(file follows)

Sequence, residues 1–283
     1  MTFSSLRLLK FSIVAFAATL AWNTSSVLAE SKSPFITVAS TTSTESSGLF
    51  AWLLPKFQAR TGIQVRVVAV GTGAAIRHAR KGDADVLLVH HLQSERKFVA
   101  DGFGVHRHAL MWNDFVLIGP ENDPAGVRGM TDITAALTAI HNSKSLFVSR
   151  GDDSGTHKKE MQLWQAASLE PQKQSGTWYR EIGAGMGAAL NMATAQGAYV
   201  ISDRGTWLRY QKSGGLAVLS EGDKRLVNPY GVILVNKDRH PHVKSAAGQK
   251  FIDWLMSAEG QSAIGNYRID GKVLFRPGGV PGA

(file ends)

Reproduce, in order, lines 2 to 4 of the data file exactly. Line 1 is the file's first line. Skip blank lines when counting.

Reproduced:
     1  MTFSSLRLLK FSIVAFAATL AWNTSSVLAE SKSPFITVAS TTSTESSGLF
    51  AWLLPKFQAR TGIQVRVVAV GTGAAIRHAR KGDADVLLVH HLQSERKFVA
   101  DGFGVHRHAL MWNDFVLIGP ENDPAGVRGM TDITAALTAI HNSKSLFVSR